FIXING D.C. SCHOOLS
The Price of Neglect
Monday, December 31, 2007
The Army Corps of Engineers came to the District in the late 1990s on an expensive mission: launch a massive overhaul of decrepit school buildings, which eventually included spending $80 million to replace ancient heating systems with brand-new boilers to last 25 years or more.
Since then, 40 of the 55 renovated heating systems have broken down or needed major repair. Public schools officials failed to maintain the new equipment, leading to problems such as damage from mineral deposits that built up because the water was not properly treated, repair records and interviews show.
It would have cost just $100,000 a year to remove harmful minerals from the water flowing into all of the more than 400 boilers in the public schools. But maintenance officials say there was never enough money for it in their budget.
As a result, heating systems old and new have been breaking down all over the school district. Administrators had to sink more than $10 million into emergency repairs this year alone, prompted by cold classrooms at 71 schools in February that displaced hundreds of children.
The failing boilers are a testament to the school system's longstanding inability to keep its buildings in shape or make the best of huge infusions of money. This decade, records show, the schools have spent more than $116 million to replace or overhaul heating and air-conditioning units, including the Army Corps projects. This winter, officials trucked in temporary boilers for seven schools where the systems have failed.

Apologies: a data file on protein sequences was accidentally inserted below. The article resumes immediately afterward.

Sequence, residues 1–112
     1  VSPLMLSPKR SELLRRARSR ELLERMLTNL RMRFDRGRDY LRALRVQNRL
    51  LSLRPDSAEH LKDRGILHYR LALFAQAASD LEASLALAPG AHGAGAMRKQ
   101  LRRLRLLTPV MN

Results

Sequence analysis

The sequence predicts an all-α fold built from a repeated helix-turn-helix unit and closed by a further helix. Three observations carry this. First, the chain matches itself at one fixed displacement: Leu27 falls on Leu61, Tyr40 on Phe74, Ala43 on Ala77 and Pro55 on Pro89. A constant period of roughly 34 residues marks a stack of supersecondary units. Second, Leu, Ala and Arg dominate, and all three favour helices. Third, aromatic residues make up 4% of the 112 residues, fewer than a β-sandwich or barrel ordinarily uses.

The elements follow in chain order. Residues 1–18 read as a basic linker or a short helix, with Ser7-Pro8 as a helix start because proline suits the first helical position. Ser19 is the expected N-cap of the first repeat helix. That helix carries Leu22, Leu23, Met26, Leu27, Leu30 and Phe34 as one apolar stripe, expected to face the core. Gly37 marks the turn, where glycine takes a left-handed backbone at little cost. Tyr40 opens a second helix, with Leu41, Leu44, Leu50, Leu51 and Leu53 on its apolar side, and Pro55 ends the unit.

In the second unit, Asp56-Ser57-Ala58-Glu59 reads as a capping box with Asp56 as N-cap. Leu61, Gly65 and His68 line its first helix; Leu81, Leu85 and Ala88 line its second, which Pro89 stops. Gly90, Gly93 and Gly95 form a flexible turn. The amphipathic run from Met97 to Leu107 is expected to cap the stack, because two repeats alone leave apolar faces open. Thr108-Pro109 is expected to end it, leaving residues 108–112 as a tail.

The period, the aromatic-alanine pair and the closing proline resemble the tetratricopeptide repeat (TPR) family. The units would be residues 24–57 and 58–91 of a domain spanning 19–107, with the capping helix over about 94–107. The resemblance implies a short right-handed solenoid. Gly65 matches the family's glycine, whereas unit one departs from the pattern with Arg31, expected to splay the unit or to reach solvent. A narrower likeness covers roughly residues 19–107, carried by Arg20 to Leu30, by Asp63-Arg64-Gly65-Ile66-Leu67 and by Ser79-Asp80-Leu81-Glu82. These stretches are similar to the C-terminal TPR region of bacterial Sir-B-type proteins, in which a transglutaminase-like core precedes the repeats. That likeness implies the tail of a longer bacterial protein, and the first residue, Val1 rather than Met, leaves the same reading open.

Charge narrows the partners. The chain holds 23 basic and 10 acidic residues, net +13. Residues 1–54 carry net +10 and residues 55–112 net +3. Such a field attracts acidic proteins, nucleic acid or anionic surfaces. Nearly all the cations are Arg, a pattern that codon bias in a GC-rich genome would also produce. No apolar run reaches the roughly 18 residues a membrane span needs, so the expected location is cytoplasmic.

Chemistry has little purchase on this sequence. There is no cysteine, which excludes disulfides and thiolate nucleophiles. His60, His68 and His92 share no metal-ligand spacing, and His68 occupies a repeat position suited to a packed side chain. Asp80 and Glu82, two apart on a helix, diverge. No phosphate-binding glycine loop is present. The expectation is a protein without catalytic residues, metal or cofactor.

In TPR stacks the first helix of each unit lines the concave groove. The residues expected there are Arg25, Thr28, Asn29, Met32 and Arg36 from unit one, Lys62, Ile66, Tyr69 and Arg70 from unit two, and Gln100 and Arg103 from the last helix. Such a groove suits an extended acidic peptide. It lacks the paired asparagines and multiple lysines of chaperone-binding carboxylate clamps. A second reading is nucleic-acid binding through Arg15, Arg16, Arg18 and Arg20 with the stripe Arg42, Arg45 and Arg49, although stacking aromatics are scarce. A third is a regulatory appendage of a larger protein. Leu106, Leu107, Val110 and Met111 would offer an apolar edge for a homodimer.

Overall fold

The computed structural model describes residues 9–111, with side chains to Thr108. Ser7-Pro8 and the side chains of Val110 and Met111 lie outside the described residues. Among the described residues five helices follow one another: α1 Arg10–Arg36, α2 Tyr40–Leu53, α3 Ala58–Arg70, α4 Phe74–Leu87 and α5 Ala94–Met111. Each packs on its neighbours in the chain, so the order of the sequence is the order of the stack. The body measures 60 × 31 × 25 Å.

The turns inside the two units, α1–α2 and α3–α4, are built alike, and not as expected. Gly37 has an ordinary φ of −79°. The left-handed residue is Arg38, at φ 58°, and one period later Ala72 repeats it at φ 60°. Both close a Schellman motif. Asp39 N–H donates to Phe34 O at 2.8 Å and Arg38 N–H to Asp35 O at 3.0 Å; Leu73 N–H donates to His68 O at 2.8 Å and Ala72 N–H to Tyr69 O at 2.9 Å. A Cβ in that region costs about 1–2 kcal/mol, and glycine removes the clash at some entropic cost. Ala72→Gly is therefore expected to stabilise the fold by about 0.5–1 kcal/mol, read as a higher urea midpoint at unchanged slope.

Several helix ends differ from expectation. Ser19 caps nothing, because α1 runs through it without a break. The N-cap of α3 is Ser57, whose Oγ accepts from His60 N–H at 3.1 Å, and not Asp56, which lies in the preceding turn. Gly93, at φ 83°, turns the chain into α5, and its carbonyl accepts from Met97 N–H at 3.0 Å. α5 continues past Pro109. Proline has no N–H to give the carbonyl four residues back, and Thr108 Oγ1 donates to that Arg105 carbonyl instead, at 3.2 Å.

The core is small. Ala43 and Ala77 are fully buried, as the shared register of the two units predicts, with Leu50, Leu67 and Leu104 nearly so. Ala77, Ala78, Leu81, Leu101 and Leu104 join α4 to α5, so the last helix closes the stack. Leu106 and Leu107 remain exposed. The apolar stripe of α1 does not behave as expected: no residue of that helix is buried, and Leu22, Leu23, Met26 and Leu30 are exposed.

The District's water is "hard," or heavy with minerals such as magnesium and calcium carbonate. Left untreated in a steam boiler, it leaves deposits that can clog pipes and corrode the inner workings.
At Spingarn Senior High School in Northeast, the Corps put in four new boilers and pipe work in 2001 for about $3.9 million, records show. The units now sit in pools of rusty water, beyond repair.
"Calcium carbonate killed those boilers," said Howard W. Hubbard, Spingarn's heating engineer. The school district is leasing a temporary boiler, installed on a semitrailer in the parking lot, at a cost of about $100,000 for the school year.
Over the years, Hubbard said, he ordered bags of water treatment chemicals from the central office but received them only about half of the time. "We never got the resources to fully do our job," he said.
James Jackson, a manager in the school system's facilities maintenance division, said that whatever funding was available was spent first on problems threatening "life, health and safety" in the district's 150-plus buildings.
"We never said, 'Don't do water treatment,' " said Jackson, who has been with the division for 19 years. "If the money was gone before we could do water treatment, then we couldn't do it."
Byproduct of Budget Cuts
The maintenance and repair problems in the District's schools go far beyond heating systems. Students, teachers and administrators in many buildings have endured broken bathrooms, leaking roofs, lead-tainted drinking water, asbestos contamination and rodent infestations, school records show. In some cases, repair requests have gone years without a response.